Liberals on my side, we can be self-righteous, we can be condescending, we can be dismissive of anyone who doesn’t agree with us. In other words, we can be politically right but emotionally wrong. . . . Conservatives are really nice. . . . I think Sean Hannity is 99 percent politically wrong, but his emotional correctness is strikingly impressive, and that’s why people listen to him. Because you can’t get anyone to agree with you if they don’t even listen to you first.

She sure proved her liberal colours last week then, with a snarl of self-righteousness right up there with a Pharisee. If a week is a long time in actual politics, then two years is positively aeons for its sexual cousin. Kelly and Wilson are flagging this issue for Australia as well as the US. And one wonders what Kohn means by “lose gracefully”.  I take it from her tone that it means line up, or else.

So why has sexularism triggered such debate like no other topic has?  Surely it is because of what the Christian framework has said all along: Sex matters – and it matters a lot.  And, perhaps despite the at-times tragic gap between what Christians say and what they do, the Christian message has been consistent in a way that sexularism’s has not.

Back in the day – MY day -, the 1980s at school, the prevailing zeitgeist breathed out from on high in the education system was that sex itself didn’t ultimately matter.  That somehow it was just another one of those bodily functions you did.  And as for marriage? It was an outdated power play that would soon wither on the vine. and we would be emancipated from its steely grip. That message didn’t have to be written on the subway walls, it was right there in the Year 11 and 12 text books.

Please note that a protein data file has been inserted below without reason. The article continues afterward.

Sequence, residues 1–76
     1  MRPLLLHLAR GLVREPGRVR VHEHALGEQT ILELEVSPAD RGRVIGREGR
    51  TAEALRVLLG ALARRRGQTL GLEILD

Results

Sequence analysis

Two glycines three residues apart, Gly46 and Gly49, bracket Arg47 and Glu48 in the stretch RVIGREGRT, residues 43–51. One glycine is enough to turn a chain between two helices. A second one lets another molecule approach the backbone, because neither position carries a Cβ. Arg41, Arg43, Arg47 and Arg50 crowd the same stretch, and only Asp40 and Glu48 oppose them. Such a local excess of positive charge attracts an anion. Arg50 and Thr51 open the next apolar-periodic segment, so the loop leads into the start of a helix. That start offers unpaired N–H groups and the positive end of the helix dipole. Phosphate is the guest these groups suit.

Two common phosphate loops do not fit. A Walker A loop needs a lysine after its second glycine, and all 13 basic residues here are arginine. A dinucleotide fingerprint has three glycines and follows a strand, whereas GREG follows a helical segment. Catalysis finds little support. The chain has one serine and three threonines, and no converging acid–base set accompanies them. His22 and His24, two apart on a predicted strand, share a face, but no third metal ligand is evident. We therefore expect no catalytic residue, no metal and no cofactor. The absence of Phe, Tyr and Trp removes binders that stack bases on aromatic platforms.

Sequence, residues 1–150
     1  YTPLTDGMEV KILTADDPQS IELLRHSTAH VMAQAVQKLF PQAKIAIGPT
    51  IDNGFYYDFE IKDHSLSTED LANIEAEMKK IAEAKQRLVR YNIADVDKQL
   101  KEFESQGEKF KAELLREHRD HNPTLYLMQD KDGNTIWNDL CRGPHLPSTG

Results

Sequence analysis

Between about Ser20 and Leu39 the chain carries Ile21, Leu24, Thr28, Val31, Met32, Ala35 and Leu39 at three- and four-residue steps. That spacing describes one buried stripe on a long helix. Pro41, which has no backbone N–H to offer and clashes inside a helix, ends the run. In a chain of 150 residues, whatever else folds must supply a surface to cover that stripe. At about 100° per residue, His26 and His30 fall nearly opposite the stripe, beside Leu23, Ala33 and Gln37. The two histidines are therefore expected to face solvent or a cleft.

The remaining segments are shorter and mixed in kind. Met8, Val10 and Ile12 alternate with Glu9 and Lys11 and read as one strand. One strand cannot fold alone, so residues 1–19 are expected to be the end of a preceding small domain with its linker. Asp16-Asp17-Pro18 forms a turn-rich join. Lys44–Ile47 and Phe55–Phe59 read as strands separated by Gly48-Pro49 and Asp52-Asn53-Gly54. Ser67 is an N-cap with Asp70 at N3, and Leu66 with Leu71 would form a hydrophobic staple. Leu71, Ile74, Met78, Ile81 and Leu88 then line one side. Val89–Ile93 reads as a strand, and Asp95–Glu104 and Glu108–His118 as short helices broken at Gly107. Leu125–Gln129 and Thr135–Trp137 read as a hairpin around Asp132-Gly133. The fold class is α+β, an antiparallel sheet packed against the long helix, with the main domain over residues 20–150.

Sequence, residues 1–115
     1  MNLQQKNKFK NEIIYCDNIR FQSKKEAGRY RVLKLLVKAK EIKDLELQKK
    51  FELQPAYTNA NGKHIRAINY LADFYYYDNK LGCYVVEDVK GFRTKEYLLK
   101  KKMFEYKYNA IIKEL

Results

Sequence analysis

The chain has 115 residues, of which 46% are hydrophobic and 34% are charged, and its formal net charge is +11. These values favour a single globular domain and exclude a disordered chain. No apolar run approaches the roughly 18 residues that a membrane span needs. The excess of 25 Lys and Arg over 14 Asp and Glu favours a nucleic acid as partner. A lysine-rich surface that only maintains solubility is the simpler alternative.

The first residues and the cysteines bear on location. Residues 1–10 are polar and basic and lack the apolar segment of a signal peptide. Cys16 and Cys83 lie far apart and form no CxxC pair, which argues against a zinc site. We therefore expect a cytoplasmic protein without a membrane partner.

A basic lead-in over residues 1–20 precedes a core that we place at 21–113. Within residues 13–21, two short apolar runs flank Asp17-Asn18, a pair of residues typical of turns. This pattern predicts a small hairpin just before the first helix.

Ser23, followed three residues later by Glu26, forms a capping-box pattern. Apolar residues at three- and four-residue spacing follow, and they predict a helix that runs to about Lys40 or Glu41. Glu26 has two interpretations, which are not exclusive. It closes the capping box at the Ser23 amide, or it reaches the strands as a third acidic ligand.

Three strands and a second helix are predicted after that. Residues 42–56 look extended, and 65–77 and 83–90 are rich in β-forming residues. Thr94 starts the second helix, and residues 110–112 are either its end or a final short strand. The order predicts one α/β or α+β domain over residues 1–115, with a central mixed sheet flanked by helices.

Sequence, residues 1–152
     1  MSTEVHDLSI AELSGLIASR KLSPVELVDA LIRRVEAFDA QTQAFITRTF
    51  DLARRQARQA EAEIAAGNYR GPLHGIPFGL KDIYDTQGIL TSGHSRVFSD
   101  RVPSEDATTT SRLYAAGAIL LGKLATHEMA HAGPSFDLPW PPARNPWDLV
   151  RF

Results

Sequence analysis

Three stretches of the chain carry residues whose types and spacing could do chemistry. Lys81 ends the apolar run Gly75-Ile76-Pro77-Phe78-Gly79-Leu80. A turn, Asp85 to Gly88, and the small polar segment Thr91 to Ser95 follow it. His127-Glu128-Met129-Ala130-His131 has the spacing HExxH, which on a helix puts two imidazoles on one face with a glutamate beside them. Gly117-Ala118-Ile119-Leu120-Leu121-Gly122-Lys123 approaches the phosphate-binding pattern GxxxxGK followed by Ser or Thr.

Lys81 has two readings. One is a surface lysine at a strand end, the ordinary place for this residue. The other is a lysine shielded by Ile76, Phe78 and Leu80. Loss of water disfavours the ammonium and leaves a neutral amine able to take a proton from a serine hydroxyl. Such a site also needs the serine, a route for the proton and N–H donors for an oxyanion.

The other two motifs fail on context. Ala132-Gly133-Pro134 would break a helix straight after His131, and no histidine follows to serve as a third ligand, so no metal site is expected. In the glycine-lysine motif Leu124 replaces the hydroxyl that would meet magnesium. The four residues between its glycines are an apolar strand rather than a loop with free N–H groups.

Well Christianity hasn’t changed its message, but sexularism has completed a breath-taking and rubber-smoking 180. The cultural message has clunked into reverse and is screaming back down the driveway threatening to take out the letterbox on the way out onto the road.  Suddenly something that did not matter is pretty much the only thing that matters.  Listen to the words of SCOTUS’s Justice Kennedy, who states with all the Mills and Boons/Oprah Winfrey syrup he could muster:

“Marriage responds to the universal fear that a lonely person might call out only to find no one there. It offers the hope of companionship and understanding and assurance that while both still live there will be someone to care for the other.”

Really? Marriage means all that?  Marriage can DO all that?  I have rarely, if ever, heard Christians come close to eulogising marriage like that. Yes we have always thought sex and marriage matter, but not because we think what Justice Kennedy thinks. That’s simply too much weight for any institution to bear, or any married person to bear for that matter.

I am speaking at a wedding next week, and I hope there’s a sniper in the rafters with a red dot trained on my chest should I utter such idolatrous notions. A head shot even,  should I take out and polish that particular golden calf before a listening crowd. And if a Christian came up to me and said that about marriage I would, I would…. well just don’t do it, ok?

Which shows that the reason the debate is so strident is simply this: For sexularists  marriage is an ultimate thing.  Something that answers the lonely call in an ultimate manner.  Pity the person who finds that the one who answers their call of companionship turns out to be an ultimate dead-beat or the complete partner-beater, or ultimately bipolar, or…well, you name it.  And we all know what happens when what we idolise lets us down. We end up demonising it.